Israeli Prime Minister Benjamin Netanyahu has said that he will annex Israeli settlements in the occupied West Bank if he is re-elected.
Netanyahu staked out the position on television on Saturday, ahead of Tuesday's election where he faces a challenge from his former army chief of staff Benny Gantz
The first-time move from the prime minister appears to be aimed at galvanizing support among his nationalist base and right-wing political allies. The annexation of parts of the West Bank would likely be considered the final blow to the possibility of a two-state solution to the Israeli-Palestinian conflict.
Netanyahu was asked on Israeli Channel 12 TV why he hasn't annexed Israeli settlement blocs in occupied territory, as NPR's Daniel Estrin reports from Jerusalem.
The prime minister replied: "Will we go to the next phase? The answer is yes. We will go to the next phase to extend Israeli sovereignty."
"I will impose sovereignty, but I will not distinguish between settlement blocs and isolated settlements," he continued, The Associated Press reports. "From my perspective, any point of settlement is Israeli, and we have responsibility, as the Israeli government. I will not uproot anyone, and I will not transfer sovereignty to the Palestinians."
On Sunday, Palestinian Foreign Minister Riad Malki responded to that pledge and accused the U.S. of encouraging Netanyahu.
"If Netanyahu wants to declare Israeli sovereignty over the West Bank, then you know he has to face a real problem, the presence of 4.5 million Palestinians, what to do with them," Malki told the AP while attending the World Economic forum in Jordan, apparently citing the combined total of Palestinians living in the occupied West Bank, East Jerusalem and the Gaza Strip.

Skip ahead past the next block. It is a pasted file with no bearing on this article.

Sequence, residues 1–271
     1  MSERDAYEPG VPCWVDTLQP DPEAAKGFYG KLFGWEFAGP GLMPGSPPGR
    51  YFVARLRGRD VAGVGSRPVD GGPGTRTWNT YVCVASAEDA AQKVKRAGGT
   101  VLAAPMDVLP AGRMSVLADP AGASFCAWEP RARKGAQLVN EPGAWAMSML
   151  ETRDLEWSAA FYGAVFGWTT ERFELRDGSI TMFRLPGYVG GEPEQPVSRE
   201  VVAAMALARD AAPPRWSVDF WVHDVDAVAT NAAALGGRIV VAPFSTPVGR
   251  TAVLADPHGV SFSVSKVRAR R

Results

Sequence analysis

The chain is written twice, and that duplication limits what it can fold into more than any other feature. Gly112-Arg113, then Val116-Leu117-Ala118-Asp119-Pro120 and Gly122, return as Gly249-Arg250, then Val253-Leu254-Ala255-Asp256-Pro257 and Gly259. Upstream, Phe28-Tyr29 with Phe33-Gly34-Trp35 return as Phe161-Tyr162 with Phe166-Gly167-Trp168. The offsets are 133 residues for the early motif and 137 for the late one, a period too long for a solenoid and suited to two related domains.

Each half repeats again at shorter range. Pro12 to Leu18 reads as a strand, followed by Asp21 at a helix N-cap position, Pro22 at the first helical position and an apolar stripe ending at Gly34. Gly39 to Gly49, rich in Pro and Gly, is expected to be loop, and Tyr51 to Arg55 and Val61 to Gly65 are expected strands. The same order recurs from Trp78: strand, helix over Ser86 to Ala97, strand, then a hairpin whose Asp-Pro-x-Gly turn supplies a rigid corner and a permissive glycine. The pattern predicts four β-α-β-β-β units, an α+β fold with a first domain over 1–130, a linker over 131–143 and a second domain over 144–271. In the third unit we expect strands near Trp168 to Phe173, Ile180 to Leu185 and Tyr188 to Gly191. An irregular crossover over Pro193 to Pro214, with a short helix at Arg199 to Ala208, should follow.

He said Israel cannot expel the Palestinians, adding, "The international community has to deal with us."
Netanyahu has actively supported the growth of Israeli settlements in the West Bank, which Israel has occupied since the Six-Day War in 1967. But Israel has so far stopped short of formally annexing the West Bank, leaving the door open for further negotiations with Palestinians.
Some 400,000 Israeli settlers and 2.8 million Palestinians now live in in the West Bank.
The Israeli settlements – which include large subdivisions and cities full of middle-class villas – have long complicated efforts for a two-state solution: Palestinians have said the settlements would make it impossible to create a viable state in the West Bank, as NPR's Greg Myre has reported.
Another 200,000 Israelis live in East Jerusalem, part of the West Bank that Israel annexed shortly after the 1967 war.
Saeb Erekat, chief negotiator for the Palestine Liberation Organization, criticized Netanyahu's statement on Saturday.
"Such a statement by Netanyahu is not surprising," Erekat wrote on Twitter. "Israel will continue to brazenly violate international law for as long as the international community will continue to reward Israel with impunity, particularly with the Trump Administration's support and endorsement of Israel's violation of the national and human rights of the people of Palestine."
Netanyahu's political campaign has emphasized his close ties with President Trump, Estrin reports. In his prime time interview on Saturday, Netanyahu portrayed those moves of support from the Trump administration as his own achievements, the AP reports.
Last month, Trump recognized Israeli sovereignty over the Golan Heights, which Israel seized from Syria in 1967. In his first year in office, Trump had also recognized Jerusalem — the disputed city claimed as capital by both Israeli and Palestinian people — as Israel's capital, breaking with decades of U.S. foreign policy.
Polls indicate a close race, though Netanyahu's Likud Party and its traditional allies, smaller right-wing parties, are predicted to win a slight majority of the votes. That gives Netanyahu the edge on forming a ruling coalition over Gantz's Blue and White political alliance – unless some right-wing parties choose to side with Gantz, Estrin reports.
Gantz has accused Netanyahu of inciting against Israel's Palestinian Arab citizens and embracing extremists by allying with the far-right Jewish Power Party.
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